"Commanders with a poor understanding of the essence of maneuver; i.e., the union of efforts, prefer, most of all, to divide the area of their maneuver uniformly among their subordinates and demand the same results from all. It is a misfortune to be subordinated to such a 'corridor' commander. A completely opposite picture obtains with a good, efficient leadership ...."
Integrated maneuver provides the JFC the opportunity to capitalize on the synergistic effects of a joint force. Specifically, such maneuver forces the enemy to orient combat power against multiple directions and dimensions; permits the rapid shifting of forces to multiple locations as required by the tactical situation; and provides the JFC with flexible, lethal options to shape and fight the battle to achieve joint objectives. Seizing, retaining, and exploiting the initiative through integrated maneuver in either offensive or defensive settings interrupts the enemy's operational maneuver; spoils the timing of tactical operations by forcing an early culmination or diversion of resources; and ultimately creates opportunities for decisive defeat.
A notional DRB's ground maneuver organization may consist of a combination of a mechanized (mech) infantry battalion and 2 tank battalions grouped under the command of the brigade headquarters as described in Chapter II. The brigade's maneuver elements fight the battle by destroying or disrupting enemy forces and seizing and holding terrain. Based on the estimate of the situation and METT-T, the DRB commander task organizes the battalions into mech heavy, tank heavy, or balanced task forces tailored to accomplish specific missions. As a rule, the commander cross-attaches units at the battalion level. This is the lowest level provided a commander and staff with the necessary communications, logistics, and other support to ensure proper command and control of tailored combined arms formations.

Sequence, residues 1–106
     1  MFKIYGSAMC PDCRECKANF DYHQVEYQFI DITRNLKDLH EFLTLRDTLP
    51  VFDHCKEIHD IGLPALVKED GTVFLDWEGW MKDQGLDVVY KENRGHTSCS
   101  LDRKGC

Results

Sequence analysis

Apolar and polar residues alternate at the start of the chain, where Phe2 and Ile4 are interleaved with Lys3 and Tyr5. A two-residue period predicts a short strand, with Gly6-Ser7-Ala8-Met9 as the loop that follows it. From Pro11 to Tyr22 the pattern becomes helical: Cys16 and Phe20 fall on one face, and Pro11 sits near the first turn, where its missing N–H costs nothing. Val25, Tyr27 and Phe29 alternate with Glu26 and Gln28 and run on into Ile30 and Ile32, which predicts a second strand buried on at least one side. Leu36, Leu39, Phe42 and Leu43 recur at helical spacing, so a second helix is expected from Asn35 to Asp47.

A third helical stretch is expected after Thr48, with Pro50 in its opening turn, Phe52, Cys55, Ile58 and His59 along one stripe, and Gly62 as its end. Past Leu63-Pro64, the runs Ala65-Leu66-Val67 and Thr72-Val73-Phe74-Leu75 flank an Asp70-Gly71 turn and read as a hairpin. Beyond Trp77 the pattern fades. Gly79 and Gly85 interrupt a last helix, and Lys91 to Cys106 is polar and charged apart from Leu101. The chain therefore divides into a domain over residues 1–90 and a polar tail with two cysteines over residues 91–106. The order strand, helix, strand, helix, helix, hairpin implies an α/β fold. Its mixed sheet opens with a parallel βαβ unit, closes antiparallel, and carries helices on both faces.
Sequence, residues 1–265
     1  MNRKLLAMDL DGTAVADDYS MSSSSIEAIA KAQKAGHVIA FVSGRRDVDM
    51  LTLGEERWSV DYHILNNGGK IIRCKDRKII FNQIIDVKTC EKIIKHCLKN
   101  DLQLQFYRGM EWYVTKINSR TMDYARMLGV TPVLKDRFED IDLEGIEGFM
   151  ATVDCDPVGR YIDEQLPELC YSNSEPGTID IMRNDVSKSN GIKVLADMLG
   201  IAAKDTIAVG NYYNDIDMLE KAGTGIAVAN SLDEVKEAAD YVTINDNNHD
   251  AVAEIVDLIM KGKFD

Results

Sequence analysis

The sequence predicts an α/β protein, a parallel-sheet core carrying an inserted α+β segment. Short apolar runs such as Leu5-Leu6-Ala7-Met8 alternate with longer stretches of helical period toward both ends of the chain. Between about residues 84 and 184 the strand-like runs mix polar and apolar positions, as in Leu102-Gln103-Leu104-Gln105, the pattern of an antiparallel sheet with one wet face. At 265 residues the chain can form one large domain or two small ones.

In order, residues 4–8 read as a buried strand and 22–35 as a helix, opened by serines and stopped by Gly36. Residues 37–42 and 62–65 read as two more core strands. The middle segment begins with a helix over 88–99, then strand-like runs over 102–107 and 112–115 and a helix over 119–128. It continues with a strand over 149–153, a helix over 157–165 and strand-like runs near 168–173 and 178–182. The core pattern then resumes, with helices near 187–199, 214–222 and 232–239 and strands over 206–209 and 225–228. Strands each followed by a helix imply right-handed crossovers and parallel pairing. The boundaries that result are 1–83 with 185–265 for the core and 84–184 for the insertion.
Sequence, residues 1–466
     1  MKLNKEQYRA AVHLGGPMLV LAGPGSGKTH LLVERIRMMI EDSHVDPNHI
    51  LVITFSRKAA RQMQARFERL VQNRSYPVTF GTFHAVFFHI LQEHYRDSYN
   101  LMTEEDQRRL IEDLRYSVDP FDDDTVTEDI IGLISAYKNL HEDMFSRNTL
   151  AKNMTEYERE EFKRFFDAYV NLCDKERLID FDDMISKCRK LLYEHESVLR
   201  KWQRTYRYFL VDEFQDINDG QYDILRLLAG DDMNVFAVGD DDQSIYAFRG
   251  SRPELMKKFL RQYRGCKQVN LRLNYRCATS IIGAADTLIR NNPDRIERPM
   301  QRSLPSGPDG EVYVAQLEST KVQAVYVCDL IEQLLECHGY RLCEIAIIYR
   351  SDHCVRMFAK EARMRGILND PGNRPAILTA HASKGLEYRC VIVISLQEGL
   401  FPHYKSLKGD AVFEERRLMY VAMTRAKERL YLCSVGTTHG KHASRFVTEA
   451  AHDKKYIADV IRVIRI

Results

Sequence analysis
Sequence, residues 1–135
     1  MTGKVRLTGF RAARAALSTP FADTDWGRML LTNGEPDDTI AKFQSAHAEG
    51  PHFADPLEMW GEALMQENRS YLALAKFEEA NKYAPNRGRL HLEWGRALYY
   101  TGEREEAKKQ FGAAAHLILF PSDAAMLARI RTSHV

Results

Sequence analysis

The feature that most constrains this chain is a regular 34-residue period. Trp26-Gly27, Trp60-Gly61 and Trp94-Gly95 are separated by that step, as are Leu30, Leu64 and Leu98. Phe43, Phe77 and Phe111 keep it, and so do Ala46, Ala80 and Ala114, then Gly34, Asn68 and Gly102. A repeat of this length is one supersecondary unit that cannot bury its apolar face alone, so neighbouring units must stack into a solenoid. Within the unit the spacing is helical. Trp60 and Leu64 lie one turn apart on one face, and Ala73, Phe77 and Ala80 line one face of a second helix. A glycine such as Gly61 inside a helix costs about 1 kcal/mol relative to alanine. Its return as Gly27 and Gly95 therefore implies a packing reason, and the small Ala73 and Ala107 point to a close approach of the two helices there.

a. Mechanized Infantry Battalion. The mech battalion consists of a HHC and four rifle companies as depicted in Figure IV-1. All battalion combat vehicles have cross-country mobility and armor protection. Once the battalion is configured as a task force, the task force commander may further task-organize companies into company teams for combat operations.
(1) Rifle Companies. Each of the battalion's 4 rifle companies consist of a company headquarters with 2 M2 Bradley fighting vehicles (BFVs) and 3 rifle platoons of 4 M2s each. The M2 Bradley tube-launched optically-tracked wire-guided (TOW) system and 25mm chain gun combine to provide a significant antiarmor capability as reflected in Table IV-1.
(2) HHC. The HHC contains the staff sections, scouts, heavy mortars, and CSS elements.